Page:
Mary Fildes

The Manchester Female Reform Group was formed in the summer of 1819. One of the main figures in the group was Mary Fildes. A passionate radical Mary named her two sons after John Cartwright and Henry Hunt. Fildes was also involved in the campaign for birth control and when she attempted to sell books on the subject she was accused in the local press of distributing pornography.

Fildes was one of the main speakers at the St. Peter's Field meeting on 16th August, 1819. Some reports claimed that the Manchester & Salford Yeomanry attempted to murder Fildes while arresting the leaders of the demonstration. One eyewitness described how "Mrs. Fildes, hanging suspended by a nail which had caught her white dress, was slashed across her exposed body by one of the brave cavalry." Although badly wounded Mary Fildes survived and continued her campaign for the vote.

The woman on the platform in the white dress is believed to be Mary Fildes.
The woman on the platform in the white dress is believed to be Mary Fildes.

In the 1830s and 1840s Mary Fildes was active in the Chartist movement. Fildes later moved to Chester where she ran the Shrewsbury Arms in Frodsham Street. She also adopted her grandson, Luke Fildes, who was later to become one of Britain's most successful artists.

Mary Fildes died in May 1875 while visiting friends in Manchester.

Primary Sources

(1) Samuel Bamford wrote about the involvement of women in the struggle for universal suffrage in his book Passage in the Life of a Radical.

At one of these meetings, which took place at Lydgate, in Saddleworth, and at which Bagguley, Drummond, Fitton, Haigh, and others were the principal speakers, I, in the course of an address, insisted on the right, and the propriety also, of females who were present at such assemblages voting by a show of hands for or against the resolutions. This was a new idea; and the women, who attended numerously on that bleak ridge, were mightily pleased with it. When the resolution was put the women held up their hands amid much laughter; and ever from that time females voted with the men at the Radical meetings.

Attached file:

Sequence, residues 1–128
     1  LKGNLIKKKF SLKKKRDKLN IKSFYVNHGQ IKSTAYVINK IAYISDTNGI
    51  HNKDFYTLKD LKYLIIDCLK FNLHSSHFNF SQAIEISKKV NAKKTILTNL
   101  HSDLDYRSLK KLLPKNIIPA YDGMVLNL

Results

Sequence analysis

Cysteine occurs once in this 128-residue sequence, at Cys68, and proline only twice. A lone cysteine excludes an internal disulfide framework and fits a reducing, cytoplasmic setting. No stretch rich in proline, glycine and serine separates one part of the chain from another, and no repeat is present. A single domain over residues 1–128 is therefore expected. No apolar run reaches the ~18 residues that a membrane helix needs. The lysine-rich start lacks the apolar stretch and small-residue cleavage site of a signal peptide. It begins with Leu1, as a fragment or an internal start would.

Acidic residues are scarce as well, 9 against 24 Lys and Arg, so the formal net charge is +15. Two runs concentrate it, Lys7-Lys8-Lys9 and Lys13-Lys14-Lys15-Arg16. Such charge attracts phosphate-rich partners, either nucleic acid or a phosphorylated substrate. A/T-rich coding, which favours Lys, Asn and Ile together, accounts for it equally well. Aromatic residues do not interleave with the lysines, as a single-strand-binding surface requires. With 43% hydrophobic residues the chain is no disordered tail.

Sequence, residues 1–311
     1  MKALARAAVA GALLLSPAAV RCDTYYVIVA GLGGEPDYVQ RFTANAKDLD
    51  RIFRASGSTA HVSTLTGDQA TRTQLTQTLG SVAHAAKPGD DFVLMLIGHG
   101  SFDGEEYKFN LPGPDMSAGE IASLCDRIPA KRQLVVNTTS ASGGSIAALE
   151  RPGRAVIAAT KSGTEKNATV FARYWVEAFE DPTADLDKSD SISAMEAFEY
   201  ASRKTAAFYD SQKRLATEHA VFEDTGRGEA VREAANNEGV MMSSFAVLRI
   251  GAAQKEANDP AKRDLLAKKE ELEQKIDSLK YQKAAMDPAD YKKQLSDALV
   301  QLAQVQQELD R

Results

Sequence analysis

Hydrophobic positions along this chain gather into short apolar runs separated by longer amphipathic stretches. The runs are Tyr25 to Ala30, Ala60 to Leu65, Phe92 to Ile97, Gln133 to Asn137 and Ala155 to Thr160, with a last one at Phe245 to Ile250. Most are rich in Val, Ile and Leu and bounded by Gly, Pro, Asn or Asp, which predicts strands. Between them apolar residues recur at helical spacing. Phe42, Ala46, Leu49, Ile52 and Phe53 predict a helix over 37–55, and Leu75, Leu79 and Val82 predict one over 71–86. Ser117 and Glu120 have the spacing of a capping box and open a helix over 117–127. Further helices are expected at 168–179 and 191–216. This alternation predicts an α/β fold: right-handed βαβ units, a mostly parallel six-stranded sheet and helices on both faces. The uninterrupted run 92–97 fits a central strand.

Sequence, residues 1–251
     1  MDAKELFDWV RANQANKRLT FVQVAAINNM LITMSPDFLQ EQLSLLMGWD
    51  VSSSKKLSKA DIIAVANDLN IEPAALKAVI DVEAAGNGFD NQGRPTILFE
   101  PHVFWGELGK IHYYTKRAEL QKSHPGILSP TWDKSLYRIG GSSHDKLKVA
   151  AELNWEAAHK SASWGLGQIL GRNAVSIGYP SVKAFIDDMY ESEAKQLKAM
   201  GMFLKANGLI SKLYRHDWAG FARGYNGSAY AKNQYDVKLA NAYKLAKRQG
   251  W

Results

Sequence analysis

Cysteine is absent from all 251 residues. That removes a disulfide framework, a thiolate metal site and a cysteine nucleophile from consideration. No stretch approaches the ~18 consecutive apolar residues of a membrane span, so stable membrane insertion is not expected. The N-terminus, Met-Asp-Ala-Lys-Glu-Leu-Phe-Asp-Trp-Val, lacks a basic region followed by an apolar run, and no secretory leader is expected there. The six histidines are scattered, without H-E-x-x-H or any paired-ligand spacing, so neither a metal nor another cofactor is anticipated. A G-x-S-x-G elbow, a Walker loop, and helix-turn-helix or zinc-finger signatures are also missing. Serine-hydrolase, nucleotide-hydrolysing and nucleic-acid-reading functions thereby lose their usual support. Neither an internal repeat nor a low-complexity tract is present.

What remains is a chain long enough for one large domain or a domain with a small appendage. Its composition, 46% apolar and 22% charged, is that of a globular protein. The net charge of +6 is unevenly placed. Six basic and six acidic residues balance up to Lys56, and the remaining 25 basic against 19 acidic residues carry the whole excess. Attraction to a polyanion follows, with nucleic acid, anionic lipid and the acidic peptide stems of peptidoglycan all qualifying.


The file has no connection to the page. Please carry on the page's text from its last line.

(2) The British Volunteer newspaper (10th July, 1819)

Among the many schemes which now endanger the peace of our society, are some for the forming female political associations, to inculcate in the minds of mothers and of the rising generation a disrespect for parliament. One of these, it is alleged, has been formed in Blackburn, in this county!!!

(3) In his account inThe Times published on 19th August, 1819, John Tyas described the female reformers at St. Peter's Field.

A club of Female Reformers, amounting in numbers, according to our calculations, 150 came from Oldham; and another, not quite so numerous, from Royton. The first bore a white silk banner, by far the most elegant displayed during the day, inscribed 'Major Cartwright's Bill, Annual Parliaments, Universal Suffrage, and Vote by Ballot'. The females of Royton bore two red flags, the one inscribed 'Let us die like men, and not sold like slaves'; the other 'Annual Parliaments and Universal Suffrage'.

A group of women of Manchester, attracted by the crowd, came to the corner of the street where we had taken our post. They viewed the Oldham Female Reformers for some time with a look in which compassion and disgust was equally blended, and at last burst out into an indignant exclamation - "Go home to your families, and leave sike-like as these to your husbands and sons, who better understand them." The women who addressed them were of the lower order of life.